It is contemplated that compounds with active olefinic functionality, that are effective hardeners are also usefull in the practice of this invention. Some compounds known to be effective hardeners are divinyl ketone, resorcinol bis(vinylsulfonate) (U.S. Pat. No. 3,689,274), 4,6-bis(vinylsulfonyl)-m-xylene (U.S. Pat. No. 2,994,611), bis(vinylsulfonylalkyl) ethers and amines (U.S. Pat. No. 3,642,486 and U.S. Pat. No. 3,490,911), 1,3,5-tris(vinylsulfonyl) hexahydro-s-triazine, diacrylamide (U.S. Pat No. 3,635,718), 1,3-bis(acryloyl)urea (U.S. Pat. No. 3,640,720), N,N'-bismaleimides (U.S. Pat. No. 2,992,109) bisisomaleimides (U.S. Pat. No. 3,232,763), bis(2-acetoxyethyl) ketone (U.S. Pat No. 3,360,372), and 1,3,5-triacryloylhexahydro-s-triazine. Blocked active olefins of the type bis(2-acetoxyethyl) ketone and 3,8-dioxodecane-1,10-bis(pyridinium perchlorate) may also be used. Most preferred is BVSM and BVSME at concentrations ranging from 0.10 to 5.0 weight percent of active ingredient in the solution.

It is further contemplated that other inorganic hardeners that are effective hardeners are also useful in the practice of this invention. Some compounds known to be effective hardeners include zirconium and titanium salts; chromium salts such as chromium sulfate and chromium alum; and aluminum salts including sulfate, potassium and ammonium alums. Most preferred is aluminum sulfate at concentrations ranging from 0.10 to 5.0 weight percent of active ingredient in the solution.

Other compounds which may act as hardeners include: acetylenes, azides, aziridines, carboxylic acid derivatives such as anhydrides, activated esters, and imido esters, epoxides such as glycidyl ethers and glyciylammonium salts, active halogen compounds, isocyanate adducts, diketones, organometallics, such as Volan™ (a complex of methacrylic acid and chromium III chloride) peptide bond forming agents such as carbodiimides, isoxazoliumsalts, N-Carbamoylpyridinium salts, and 4-Amino-1-methylsulfonylpyridinium salts, sulfonate esters, s-Triazines, mucochloric acid, and polymeric hardeners.

In addition there may be a synergistic effect from certain combinations of the above mentioned hardeners.

Additional related hardeners can be found in, The Theory Of The Photographic Process, 4th Edition, T. H. James, 1977, Macmillan Publishing CO. pages 77-87, and in Research Disclosure, Vol. 365, September 1994, Item 36544, II, B. Hardeners.

EXAMPLES Examples for Blocked Aldehydes (BALD) Comparative Example

______________________________________Mill Grind______________________________________Polymeric beads, mean diameter                   325.0 gof 50 μm (milling media)Bis(phthalocyanylalumino)tetra-                    35.0 gPhenyldisiloxane (cyan pigment)Manufactured by Eastman Kodak CompanyOleoyl methyl taurine, (OMT) sodium salt                    17.5 gDeionized water         197.5 gProxel GXL ™          0.2 g(biocide from Zeneca)______________________________________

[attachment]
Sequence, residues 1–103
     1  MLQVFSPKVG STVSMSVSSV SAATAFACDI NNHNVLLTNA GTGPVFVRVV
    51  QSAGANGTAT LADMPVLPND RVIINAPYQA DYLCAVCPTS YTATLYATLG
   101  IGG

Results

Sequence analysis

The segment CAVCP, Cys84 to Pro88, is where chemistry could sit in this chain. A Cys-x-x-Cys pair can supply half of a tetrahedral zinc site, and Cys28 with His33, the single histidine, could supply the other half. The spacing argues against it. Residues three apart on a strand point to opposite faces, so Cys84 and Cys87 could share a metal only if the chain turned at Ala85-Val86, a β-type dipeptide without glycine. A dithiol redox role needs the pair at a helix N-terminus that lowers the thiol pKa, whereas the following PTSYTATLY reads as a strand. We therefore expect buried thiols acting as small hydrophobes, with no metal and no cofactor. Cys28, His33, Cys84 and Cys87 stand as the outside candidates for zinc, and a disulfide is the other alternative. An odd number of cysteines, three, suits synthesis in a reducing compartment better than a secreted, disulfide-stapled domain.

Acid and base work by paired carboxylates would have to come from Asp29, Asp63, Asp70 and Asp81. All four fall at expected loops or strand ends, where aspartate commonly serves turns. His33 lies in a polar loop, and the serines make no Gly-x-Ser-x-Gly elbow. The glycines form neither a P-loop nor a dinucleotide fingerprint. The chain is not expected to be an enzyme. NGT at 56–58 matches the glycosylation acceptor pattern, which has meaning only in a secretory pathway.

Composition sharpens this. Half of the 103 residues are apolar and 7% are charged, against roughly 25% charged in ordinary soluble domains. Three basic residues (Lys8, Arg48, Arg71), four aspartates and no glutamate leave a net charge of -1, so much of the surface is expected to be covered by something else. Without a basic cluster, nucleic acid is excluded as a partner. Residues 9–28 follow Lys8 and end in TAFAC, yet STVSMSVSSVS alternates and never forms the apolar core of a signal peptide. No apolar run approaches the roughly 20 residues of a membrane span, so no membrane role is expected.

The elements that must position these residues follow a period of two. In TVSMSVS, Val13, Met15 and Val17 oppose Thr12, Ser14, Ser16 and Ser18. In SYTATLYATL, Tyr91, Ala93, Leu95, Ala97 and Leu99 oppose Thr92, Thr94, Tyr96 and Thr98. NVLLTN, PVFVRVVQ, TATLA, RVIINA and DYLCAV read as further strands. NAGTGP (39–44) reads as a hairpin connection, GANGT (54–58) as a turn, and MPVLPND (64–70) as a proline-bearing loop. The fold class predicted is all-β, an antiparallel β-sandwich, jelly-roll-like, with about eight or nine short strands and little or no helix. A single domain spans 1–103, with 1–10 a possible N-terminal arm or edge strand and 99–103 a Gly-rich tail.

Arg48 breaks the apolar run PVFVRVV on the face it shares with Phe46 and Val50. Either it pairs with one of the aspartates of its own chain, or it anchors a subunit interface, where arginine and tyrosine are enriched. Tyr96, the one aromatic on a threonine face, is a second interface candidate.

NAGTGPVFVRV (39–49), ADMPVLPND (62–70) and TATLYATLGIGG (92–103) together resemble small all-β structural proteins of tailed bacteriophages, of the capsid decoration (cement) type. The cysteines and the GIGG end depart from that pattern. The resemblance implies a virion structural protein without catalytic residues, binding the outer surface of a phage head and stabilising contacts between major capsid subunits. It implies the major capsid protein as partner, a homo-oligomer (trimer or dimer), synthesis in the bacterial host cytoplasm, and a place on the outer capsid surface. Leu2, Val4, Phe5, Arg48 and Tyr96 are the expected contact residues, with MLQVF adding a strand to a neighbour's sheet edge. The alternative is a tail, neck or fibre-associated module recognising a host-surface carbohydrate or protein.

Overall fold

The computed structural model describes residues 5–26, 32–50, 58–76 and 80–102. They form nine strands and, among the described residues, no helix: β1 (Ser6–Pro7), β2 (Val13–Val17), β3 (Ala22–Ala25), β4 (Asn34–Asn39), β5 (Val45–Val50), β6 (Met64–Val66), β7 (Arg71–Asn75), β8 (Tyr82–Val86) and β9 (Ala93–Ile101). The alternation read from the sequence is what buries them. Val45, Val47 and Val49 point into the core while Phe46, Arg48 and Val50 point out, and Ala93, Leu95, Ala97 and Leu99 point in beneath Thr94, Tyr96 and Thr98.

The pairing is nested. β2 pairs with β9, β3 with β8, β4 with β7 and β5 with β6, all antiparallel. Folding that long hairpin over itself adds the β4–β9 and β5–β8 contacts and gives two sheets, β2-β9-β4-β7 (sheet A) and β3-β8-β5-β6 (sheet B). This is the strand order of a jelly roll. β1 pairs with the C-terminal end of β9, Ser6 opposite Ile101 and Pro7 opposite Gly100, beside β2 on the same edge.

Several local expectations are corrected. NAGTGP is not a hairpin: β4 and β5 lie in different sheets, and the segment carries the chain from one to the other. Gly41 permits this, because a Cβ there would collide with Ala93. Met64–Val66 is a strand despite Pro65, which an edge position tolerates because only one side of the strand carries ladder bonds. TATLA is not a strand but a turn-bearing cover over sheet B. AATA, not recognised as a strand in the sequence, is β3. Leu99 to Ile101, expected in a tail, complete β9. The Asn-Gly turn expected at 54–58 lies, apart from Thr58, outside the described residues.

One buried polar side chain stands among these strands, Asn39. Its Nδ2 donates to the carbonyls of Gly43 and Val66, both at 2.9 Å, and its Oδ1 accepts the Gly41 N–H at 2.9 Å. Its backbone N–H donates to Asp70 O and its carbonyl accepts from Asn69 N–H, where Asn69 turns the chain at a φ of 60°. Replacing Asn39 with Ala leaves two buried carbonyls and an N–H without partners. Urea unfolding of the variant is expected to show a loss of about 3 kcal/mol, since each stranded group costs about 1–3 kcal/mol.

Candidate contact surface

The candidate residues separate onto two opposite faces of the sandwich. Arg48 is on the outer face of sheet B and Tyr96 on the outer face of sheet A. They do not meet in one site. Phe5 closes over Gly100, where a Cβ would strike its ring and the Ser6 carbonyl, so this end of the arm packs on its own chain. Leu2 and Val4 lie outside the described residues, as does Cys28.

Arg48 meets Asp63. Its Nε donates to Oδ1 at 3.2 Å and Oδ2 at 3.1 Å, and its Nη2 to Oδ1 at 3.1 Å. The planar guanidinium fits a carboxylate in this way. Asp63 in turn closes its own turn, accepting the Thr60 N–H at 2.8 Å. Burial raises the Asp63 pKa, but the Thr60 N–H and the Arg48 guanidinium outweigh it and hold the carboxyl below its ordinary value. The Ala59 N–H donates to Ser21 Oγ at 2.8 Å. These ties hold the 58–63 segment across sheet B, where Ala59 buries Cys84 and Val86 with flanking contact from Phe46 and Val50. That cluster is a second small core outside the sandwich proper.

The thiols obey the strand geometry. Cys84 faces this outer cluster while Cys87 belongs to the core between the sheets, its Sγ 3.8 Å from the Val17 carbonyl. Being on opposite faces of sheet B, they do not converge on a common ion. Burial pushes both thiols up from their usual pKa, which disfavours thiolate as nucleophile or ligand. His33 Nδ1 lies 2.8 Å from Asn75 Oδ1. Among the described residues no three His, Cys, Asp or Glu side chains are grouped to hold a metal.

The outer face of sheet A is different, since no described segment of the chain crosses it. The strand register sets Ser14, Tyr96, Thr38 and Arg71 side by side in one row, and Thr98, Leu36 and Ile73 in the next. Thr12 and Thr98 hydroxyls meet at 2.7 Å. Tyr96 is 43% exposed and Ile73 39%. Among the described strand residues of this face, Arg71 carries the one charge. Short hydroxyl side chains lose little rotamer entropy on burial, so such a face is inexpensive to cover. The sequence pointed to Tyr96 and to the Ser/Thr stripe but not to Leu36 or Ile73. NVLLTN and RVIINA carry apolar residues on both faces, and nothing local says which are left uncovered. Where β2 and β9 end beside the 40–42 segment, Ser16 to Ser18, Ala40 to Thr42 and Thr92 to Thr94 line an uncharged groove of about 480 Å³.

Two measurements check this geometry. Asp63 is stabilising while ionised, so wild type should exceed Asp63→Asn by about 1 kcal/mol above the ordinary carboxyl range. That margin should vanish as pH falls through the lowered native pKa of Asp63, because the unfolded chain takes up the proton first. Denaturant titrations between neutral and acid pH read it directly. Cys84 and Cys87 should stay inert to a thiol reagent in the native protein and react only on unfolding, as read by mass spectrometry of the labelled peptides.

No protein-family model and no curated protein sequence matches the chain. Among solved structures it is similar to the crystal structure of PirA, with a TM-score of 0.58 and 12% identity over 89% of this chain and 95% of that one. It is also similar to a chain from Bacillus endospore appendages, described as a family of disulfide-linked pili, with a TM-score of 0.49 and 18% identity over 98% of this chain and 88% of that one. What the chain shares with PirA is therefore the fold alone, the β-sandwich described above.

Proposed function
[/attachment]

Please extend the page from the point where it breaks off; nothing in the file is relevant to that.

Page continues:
The above components were milled using a high energy media mill manufactured by Morehouse-Cowles Hochmeyer. The mill was run for 8 hours at room temperature. An aliquot of the above dispersion to yield 1.0 g. pigment was mixed with 8.00 g diethylene glycol, and additional deionized water for a total of 50.0 g. This ink was filtered through 3-μm filter and introduced into an empty Hewlett-Packard 51626A print cartridge. Images were made with a Hewlett-Packard DeskJet™ 540 printer on medium weight resin coated paper containing an imaging layer.

The resin coated paper stock had been previously treated with a corona discharge treatment (CDT) and coated with an imaging layer consisting of about 800 mg/ft2 of gelatin. Good waterfastness was observed in the Dmax patch; however when the image was physically rubbed the wet adhesion was fair-poor. At a lower density patch (0.50 density) and with narrow lines (˜1/32nd of an inch) all of the image floated to the surface when immersed in distilled water. The tests conducted for wet adhesion and waterfastness are described below.

Blocked Aldehyde (BALD) Comparative Example 2

An ink was prepared in a similar manner as described in BALD Comparative Example 1 except, the cyan pigment was replaced with 1.45 g. of a quinacridone magenta pigment (pigment red 122) from Sun Chemical Co. The ink was printed as in BALD Comparative Example 1 and poor waterfastness and wet adhesion were observed.

Blocked Aldehyde (BALD) Comparative Example 3

An ink was prepared in a similar manner as described in BALD Comparative Example 1 except, the cyan pigment was replaced with 1.25 g. of a Hansa Brilliant Yellow (pigment yellow 74) from Hoechst Chemical Co. The ink was printed as in BALD Comparative Example 1 and fair waterfastness and very poor wet adhesion were observed in the Dmax areas. In the low density areas and thin lines the pigmented image floated to the surface while immersed in water.

Blocked Aldehyde (BALD) Comparative Example 4

An ink was prepared in the same manner as that described in BALD Comparative Example 1 except, 5.00 g. of 10 wt % solution of 2,3-dihydroxy-1,4-dioxane (DHD) obtained from Aldrich was added to the mixture to obtain a final hardener concentration of 1.00 wt % of hardener in the ink. This ink was printed on resin coated paper stock which had been previously treated with a corona discharge treatment (CDT) and coated with an imaging layer consisting of about 800 mg/ft2 of gelatin. Excellent waterfastness and fair-good wet adhesion were observed in the 100% fill areas (Dmax); while at lower density patches, and with thin narrow lines (˜1/32nd of an inch), the image either floated to the surface without physically rubbing, or the image rubbed off very easily.

Blocked Aldehyde (BALD) Example 1

An ink was prepared in the same manner as that described in BALD Comparative Example 1. This ink was printed on resin coated paper stock which had been previously treated with a corona discharge treatment (CDT) and coated with an imaging layer consisting of about 800 mg/ft2 of gelatin.